View switchy.js
// What is the console output of this code?
function switchFoo (foo) {
switch (foo) {
case 1:
foo = 5
case 2: {
View twelve_days_of_emoji.markdown




🐢🐦 🐢🐦


View renaming.markdown

How to rename solutions and projects in Visual Studio

  1. Don't.

How to rename solutions and projects that were created in Visual Studio

  1. Close Visual Studio and don't open it again until I tell you. Visual Studio is not competent at renaming things.
  2. Assuming you're using git, clean the working folder to remove anything that's not in version control (this will help the search-and-replace step because it won't have to go through a bunch of generated files)

    git clean -fdx

View dw-sorter.clj
(defn episode-number [file]
(def match (re-matches
#"\d{4}-\d{2}-\d{2} - (S\d\d E\d\d) - .*"
(.getName file)))
(if (= match nil)
(match 1)))
(def episodes (partition-by episode-number files))
View browserify_transforms.markdown

If you're using Browserify and Reactify to write React components and build them for the browser, you may, depending on your setup, see errors along the lines of "unexpected token <", which means that your code is not getting Reactified properly. You will either see this in Gulp, because some subsequent step in the pipeline can't parse your code, or in the browser.

Here's how browserify decides how to apply transforms:

  1. Anything specified when you actually call browserify (i.e. in a gulpfile or on the command line) will be run first. Calls here can specify {global: true}, which will make them be applied to dependencies as well as code in the current module.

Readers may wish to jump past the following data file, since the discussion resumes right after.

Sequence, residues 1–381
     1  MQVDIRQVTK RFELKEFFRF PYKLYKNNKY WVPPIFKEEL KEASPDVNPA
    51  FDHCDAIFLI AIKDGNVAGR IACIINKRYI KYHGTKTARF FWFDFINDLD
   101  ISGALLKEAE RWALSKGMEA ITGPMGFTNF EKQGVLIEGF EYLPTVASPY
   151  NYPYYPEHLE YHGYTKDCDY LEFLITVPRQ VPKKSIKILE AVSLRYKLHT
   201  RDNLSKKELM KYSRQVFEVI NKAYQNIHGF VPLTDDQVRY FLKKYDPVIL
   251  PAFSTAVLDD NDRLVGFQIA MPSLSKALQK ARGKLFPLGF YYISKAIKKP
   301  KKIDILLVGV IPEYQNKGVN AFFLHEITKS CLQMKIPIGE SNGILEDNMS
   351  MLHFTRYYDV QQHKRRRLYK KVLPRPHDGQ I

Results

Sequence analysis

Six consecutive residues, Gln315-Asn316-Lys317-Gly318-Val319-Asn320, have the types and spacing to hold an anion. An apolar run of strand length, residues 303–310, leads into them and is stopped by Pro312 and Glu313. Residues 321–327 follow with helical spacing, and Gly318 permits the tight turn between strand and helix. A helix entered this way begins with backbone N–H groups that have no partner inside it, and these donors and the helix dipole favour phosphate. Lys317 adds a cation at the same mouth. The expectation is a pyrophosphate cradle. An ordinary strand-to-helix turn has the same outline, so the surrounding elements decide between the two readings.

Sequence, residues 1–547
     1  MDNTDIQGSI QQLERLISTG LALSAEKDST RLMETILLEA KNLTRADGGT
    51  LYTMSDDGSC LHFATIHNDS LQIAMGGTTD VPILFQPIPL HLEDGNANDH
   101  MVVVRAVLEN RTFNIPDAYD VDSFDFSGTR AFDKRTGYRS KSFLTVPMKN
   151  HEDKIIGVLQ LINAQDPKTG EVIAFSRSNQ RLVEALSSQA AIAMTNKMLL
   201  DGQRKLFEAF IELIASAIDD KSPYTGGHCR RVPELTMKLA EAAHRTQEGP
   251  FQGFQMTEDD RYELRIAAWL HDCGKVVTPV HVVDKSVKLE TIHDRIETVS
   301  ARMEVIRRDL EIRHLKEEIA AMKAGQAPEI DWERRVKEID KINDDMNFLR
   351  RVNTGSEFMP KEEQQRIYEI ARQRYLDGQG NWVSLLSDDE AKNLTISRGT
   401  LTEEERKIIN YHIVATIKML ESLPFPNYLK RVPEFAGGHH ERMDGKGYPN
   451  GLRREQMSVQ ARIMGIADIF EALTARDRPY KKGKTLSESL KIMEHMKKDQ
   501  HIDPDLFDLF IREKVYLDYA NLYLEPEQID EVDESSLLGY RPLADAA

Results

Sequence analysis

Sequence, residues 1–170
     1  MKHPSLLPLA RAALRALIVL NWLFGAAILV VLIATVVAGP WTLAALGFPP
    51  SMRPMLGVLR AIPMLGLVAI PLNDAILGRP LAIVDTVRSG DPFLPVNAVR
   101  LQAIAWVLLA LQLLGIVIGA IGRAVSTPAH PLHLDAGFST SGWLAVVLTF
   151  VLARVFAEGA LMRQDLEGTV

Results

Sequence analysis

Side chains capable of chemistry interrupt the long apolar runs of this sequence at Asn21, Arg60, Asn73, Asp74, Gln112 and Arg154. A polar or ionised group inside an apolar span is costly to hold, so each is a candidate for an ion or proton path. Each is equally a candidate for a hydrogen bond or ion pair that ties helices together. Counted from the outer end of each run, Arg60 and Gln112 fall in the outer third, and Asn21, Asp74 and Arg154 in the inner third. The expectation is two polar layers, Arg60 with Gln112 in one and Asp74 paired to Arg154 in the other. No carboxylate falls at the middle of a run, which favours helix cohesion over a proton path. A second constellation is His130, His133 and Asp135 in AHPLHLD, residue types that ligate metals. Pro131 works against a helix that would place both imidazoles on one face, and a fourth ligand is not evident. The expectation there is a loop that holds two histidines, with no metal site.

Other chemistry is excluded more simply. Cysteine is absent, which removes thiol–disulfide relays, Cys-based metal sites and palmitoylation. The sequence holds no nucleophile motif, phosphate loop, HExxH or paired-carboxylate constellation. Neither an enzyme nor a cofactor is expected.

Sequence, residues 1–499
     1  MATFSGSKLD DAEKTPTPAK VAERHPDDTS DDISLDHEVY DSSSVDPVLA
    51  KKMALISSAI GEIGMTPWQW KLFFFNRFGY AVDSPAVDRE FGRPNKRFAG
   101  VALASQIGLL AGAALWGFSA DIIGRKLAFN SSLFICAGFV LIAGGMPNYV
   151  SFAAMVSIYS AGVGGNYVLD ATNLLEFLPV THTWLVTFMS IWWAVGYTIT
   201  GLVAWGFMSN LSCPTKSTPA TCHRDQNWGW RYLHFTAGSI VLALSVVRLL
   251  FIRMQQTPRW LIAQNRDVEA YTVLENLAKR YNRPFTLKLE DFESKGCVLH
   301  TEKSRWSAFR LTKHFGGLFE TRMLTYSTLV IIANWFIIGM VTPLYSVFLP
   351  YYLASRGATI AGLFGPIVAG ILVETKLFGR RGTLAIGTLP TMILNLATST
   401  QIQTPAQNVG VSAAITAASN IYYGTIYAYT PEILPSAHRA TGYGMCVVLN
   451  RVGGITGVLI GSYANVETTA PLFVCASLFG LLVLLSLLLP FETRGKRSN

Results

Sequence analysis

2. If there is a browserify.transform key in package.json, it can list transforms which should be applied, in the order that they should be applied.

You need to specify reactify before anything else which is going to want to parse the code, because obvs. it isn't valid es5 until it's been reactified (so e.g. having `["browserify-shim", "reactify"

View ConEmu Git
  1. Open Conemu
  2. Open Settings -> Tasks or go to new tab button -> Setup tasks.
  3. Click + to add a new task
  4. Enter the name as Git Bash or whatever you like
  5. Task parameters:

    /icon "C:\Program Files (x86)\Git\etc\git.ico" /dir "C:\_git"
  6. Command:

View gulpfile.js
gulp.task("install", function(cb) {
var npm = require("npm");
npmConfig = {};
// sample command line opts, you may have others
if (gUtil.env["npm-cache-path"]) npmConfig.cache = gUtil.env["npm-cache-path"];
if (gUtil.env["npm-log-level"]) npmConfig.loglevel = gUtil.env["npm-log-level"];
npm.load(npmConfig, function (er) {
if (er) return cb(er);
npm.commands.install([], function (er, data) { cb(er); });
View requireTime.js
* requireTime.js
* require()s every thing in your node_modules and tells you how long each one
* took.
* $ cd your_project_folder
* $ node loadTest.js
View bash_here.bat
@echo off
rem If Windows's idea of $HOME is wrong for you, you can use
rem Console2 and instead of using bash directly, use this batch
rem file instead. It will set $HOME to wherever it is located.
set PATH=%PATH%;%~dp0
set HOME=%~dp0
rem adjust path to suit

Deleting a tree of folders using rimraf can be pretty fraught on MS Windows; the OS itself can lock files randomly, and there may be various processes getting in the way, like virus checkers or cloud file syncing apps. rimraf itself will do an exponential-backoff-and-retry for EBUSY and ENOTEMPTY errors on Windows, but you can still see EPERM and others. If you want to do exponential-backoff-and-retry for any error, see the below recipe, using node-retry.